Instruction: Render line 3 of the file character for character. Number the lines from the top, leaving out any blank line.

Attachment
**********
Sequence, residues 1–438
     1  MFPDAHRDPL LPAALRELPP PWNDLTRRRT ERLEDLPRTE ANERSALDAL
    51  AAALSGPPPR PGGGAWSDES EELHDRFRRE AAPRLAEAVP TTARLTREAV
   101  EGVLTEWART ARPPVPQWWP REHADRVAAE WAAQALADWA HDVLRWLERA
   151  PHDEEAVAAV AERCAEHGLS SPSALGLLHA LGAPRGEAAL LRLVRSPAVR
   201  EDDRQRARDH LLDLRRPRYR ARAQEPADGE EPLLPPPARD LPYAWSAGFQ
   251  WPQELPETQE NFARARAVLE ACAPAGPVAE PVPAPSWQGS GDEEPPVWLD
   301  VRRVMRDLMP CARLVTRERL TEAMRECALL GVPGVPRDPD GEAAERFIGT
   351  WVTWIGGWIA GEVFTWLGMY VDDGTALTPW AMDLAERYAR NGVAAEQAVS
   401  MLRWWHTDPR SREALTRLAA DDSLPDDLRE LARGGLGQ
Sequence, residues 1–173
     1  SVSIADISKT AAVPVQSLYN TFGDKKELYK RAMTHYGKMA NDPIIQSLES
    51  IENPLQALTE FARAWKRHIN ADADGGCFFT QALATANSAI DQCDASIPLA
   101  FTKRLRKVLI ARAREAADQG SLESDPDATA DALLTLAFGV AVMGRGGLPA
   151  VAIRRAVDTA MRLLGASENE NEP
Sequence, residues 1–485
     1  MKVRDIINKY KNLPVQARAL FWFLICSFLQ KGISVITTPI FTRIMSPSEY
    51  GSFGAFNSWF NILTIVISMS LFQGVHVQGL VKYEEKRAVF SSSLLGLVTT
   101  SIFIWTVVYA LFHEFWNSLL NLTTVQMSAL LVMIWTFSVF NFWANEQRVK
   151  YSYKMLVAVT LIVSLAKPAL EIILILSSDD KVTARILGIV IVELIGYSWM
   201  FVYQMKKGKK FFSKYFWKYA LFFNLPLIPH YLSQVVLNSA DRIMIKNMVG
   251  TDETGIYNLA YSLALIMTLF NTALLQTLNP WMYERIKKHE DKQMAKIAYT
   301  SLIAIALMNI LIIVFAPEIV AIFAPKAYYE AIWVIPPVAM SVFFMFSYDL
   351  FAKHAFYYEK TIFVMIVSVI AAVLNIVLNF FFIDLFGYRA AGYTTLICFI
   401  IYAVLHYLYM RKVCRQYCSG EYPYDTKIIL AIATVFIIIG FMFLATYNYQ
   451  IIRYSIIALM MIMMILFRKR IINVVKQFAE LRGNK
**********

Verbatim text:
    51  AAALSGPPPR PGGGAWSDES EELHDRFRRE AAPRLAEAVP TTARLTREAV